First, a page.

Questions for screenwriters roundtable?

December 17th, 2012 by

Tomorrow night I will be conducting a second annual roundtable with 6 top young Hollywood screenwriters: Chris Borrelli, F. Scott Frazier, Chris McCoy, Justin Rhodes, Greg Russo, and John Swetnam. Between them, they have sold over a dozen spec scripts, have multiple Black List scripts, and are involved with numerous film projects.

You may check out the 2011 version of the roundtable here.

If you have questions you would like me to consider raising in the discussion with this group of talented writers, please post in comments.

9 thoughts on “Questions for screenwriters roundtable?

  1. If you had to pick one route for an aspiring screenwriter, is it better to be skilled at multiple, diverse genres or be a master at only one genre?

  2. markbotts says:

    With the progression of technology, is it viable to think that a screenwriter could/can break into the industry without living in Hollywood or New York City?

  3. cjevy says:

    I’ve got a random question that stumped me a few days ago… How would you go about writing awkward scene dialogue and not have it look terrible on paper? For example an extremely shy man is trying to have a conversation with his love interest… the dialogue is going to be terrible and awkward, is there a strategy you would take to tackle a scene like this?? Thanks guys best of luck to you in 2013- Cjevy

  4. Thanks Scott, for opening this up:
    To all the writers because I am struggling myself with this: How do you set your writing goals day to day? How do you determine how much writing you can do per day/per week??

    And I am with Mark on his question, since I live in Toronto: how would it generally work for a screenwriter who wants to break in and work in Hollywood but whose mainstay is out of country?

    Final question: how long did it take for you guys to actually break into the industry? How long should beginning writers expect/be prepared/hope for?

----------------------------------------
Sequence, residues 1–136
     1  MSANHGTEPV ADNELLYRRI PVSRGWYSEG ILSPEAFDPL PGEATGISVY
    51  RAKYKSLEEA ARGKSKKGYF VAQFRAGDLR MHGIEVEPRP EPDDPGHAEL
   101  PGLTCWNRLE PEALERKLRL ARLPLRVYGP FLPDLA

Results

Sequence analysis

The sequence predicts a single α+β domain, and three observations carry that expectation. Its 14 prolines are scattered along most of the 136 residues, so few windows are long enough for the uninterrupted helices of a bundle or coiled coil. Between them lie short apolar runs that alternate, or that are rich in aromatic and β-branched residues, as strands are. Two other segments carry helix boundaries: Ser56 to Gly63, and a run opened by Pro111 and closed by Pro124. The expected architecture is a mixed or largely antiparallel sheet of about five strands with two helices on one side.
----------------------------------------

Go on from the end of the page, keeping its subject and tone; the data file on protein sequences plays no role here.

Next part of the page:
Thank you,

  5. Nick Scott says:

    How much importance do you place on the notes you receive from your management? Are you constantly developing your material based on their thoughts, or are they only coming in at the draft stages of your scripts? Wondering what the partnership is like.

  6. Yossi Mandel says:

    Why do we write screenplays?

    I don’t mean that personally, I’m asking about the industry – why do we use such an imperfect vehicle for creating the blueprint for a film? A wonderfully written screenplay may be a great read but have nothing to do with the screen, and it’s nearly impossible to convey how a scene will look through writing it. At best, we hint at what the scene will look like. We don’t describe the production set or the actors’ nuances or the costumes or the soundtrack or the sound effects etc. At least not in enough detail for a workshop to start spinning thread.

    I can think of better ways to do this. Pick a concept. Maybe outline to a treatment. Then have a staff of random actors and start table reading. Do it again and again, rewriting the lines until they feel right Then some generic backgrounds to give the feel of set. Then some existing music and sound effects to give the aural feeling. Iterate until it works. The reel of all that is the blueprint for making the actual film. Screenplays just feel like the poor man’s version of doing that. “Do it all in your imagination, Jim, cause we can’t afford actors sitting around a table.”

    Don’t get me wrong. I love this. But I have yet to read a screenplay that works for the same reason that the film works.

  7. David Joyner says:

    With YossI, I also wonder why the script format is the ideal format. It seems to me that with the strong visual impact of film, it should be easier, or at least more acceptable, to add visual descriptions. I would be curious what the scriptwriters think of the visual impact of a script should be, or what writing techniques they know to make a script more visually interesting.

  8. Malibo Jackk says:

    Would love to hear an audio version of the roundtable.

  9. Holly Bell says:

    If you could ask any question to your favorite screenwriters or storytellers, what would the question be — what is one thing you’re trying to learn to do better? Can you offer any advice or techniques for generating strong story concepts, and how do you go about choosing the best one of the bunch?

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